Through Sat/23

8 p.m., $15


975 Howard, SF

(415) 518-1517



Karl Blau

Eclectic K Records artist Karl Blau throws a wrench into the indie/folk scene with a chameleon-like ability to work within multiple genres. Ignoring the usual expectations of singer-songwriter stereotypes, Blau is known to inject everything from hip-hop and electronic influences to world and reggae music into his solo albums. He's also worked with some notable names in Phil Elvrum (The Microphones, Mount Eerie) and Laura Veirs. Blau can currently be found playing bass for droney doom-metal band, Earth. It'll be interesting to see how he melds all these elements together in a live setting. (Landon Moblad)

With Dina Maccabee and Birds and Batteries

7 p.m., free ($5 donation suggested)


998 Valencia, SF

(415) 374-7048



Lyrics Born

If it was any other rapper describing his newest album as "more synth-oriented" and "dealing with a lot of issues that are more mature than the last few albums, from abandonment to betrayal to incredible joy," I'd say watch out for a lawsuit from one Mr. West. But since half of Latryx (with Lateef the Truthspeaker) and cofounder of Quannum Records, Lyrics Born is known for bringing his own brand of substance to the scene while pushing the genre forward. His new material, which features emerging artists Trackademicks, Francis and the Lights, and Sam Sparro, will be on display at this release party. (Ryan Prendiville)

With Chali 2na and the House of Vibe and Rakaa

9 p.m., $25


628 Divisadero, SF

(415) 771-1421





After almost 30 years in the arena, Tom G. Warrior has earned his status as heavy metal royalty. The Swiss singer and guitarist formed Hellhammer in 1982 and went on to found Celtic Frost two years later. Both bands contributed immeasurably to the development of extreme metal, and their influence reverberates throughout the genre today. Having parted ways with Celtic Frost in 2008, Warrior formed Triptykon, planning to pick up where Monotheist (Celtic Frost's 2006 LP) left off. The new band's music combines slabs of doomy guitar, razor-wire black metal, and Warrior's paint-peeling vocals, breaking down genre boundaries in pursuit of heaviness. Come out and play. (Ben Richardson)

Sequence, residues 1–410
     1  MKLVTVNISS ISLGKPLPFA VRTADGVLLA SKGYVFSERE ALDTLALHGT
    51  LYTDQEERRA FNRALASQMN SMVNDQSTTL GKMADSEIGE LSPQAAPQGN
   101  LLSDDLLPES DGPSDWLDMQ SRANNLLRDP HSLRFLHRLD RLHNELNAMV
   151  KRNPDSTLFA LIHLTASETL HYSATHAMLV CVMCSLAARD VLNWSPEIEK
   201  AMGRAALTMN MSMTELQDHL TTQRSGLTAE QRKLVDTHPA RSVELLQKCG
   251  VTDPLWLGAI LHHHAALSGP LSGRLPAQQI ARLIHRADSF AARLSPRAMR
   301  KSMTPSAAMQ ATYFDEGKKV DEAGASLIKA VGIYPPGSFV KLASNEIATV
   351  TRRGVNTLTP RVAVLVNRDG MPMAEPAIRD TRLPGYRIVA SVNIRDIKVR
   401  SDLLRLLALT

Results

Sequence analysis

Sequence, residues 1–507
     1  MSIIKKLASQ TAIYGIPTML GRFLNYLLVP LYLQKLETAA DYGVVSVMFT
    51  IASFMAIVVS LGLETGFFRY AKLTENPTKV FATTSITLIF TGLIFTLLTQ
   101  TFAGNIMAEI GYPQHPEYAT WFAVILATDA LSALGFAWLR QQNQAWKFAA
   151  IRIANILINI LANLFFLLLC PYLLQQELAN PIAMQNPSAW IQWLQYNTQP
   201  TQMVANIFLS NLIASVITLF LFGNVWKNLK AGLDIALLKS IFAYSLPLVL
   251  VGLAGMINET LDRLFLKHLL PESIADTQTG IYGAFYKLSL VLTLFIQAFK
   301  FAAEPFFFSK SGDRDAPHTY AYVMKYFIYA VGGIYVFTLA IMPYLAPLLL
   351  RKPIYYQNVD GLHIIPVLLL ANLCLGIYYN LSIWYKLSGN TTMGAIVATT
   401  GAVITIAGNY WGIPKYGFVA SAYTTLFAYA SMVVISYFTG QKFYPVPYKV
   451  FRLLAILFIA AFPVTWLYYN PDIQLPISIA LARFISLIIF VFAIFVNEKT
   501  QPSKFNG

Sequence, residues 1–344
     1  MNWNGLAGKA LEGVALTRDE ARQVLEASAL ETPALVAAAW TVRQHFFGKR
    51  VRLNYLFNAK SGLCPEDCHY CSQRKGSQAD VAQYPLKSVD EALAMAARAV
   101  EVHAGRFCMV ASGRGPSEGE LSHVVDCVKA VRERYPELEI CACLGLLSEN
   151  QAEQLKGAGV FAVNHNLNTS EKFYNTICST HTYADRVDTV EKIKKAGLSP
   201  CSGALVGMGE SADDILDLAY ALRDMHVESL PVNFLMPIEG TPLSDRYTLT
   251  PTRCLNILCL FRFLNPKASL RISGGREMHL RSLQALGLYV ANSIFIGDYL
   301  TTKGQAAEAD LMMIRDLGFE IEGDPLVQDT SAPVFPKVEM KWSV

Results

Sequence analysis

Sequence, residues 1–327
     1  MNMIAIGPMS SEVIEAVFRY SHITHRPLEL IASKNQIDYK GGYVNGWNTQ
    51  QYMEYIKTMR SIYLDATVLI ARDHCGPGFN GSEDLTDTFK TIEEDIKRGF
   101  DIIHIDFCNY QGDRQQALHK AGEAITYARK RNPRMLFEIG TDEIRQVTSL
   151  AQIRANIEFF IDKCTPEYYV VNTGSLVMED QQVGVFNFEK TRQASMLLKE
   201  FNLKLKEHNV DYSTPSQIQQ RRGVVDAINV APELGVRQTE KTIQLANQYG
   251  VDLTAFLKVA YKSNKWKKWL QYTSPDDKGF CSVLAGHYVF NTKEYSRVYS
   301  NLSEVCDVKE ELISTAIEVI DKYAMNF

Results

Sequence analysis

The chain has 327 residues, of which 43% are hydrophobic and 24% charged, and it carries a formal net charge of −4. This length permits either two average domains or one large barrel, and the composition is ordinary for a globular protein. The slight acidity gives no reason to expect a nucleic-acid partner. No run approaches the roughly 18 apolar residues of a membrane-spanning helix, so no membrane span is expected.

With 1349 and Yakuza

9 p.m., $23


333 11th St, SF

(415) 255-0333



"SF DocFest Roller Disco Costume Party"

Have you ever stared longingly at the roller skaters in Golden Gate Park? Always wanted to join in but too embarrassed by your lack of boogie? Still hung up over the accident you had at a fifth grade skate party? Well, get over it. The Roller Disco Costume Party offers a simple solution: anonymity. As part of DocFest, admission is free with a ticket stub or just $5 if you strap on your best costume (which could potentially double as padding in case of collision.) (Prendiville)

8 p.m., free–$10


2050 Bryant, SF